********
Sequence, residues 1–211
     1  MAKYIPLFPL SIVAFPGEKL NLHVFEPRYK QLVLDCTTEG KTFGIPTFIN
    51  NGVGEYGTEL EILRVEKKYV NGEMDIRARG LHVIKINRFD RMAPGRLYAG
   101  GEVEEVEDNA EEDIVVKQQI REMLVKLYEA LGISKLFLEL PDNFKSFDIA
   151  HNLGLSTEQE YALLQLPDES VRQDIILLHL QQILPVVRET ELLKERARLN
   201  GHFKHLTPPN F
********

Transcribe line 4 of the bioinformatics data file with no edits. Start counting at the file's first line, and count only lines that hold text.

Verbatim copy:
   101  GEVEEVEDNA EEDIVVKQQI REMLVKLYEA LGISKLFLEL PDNFKSFDIA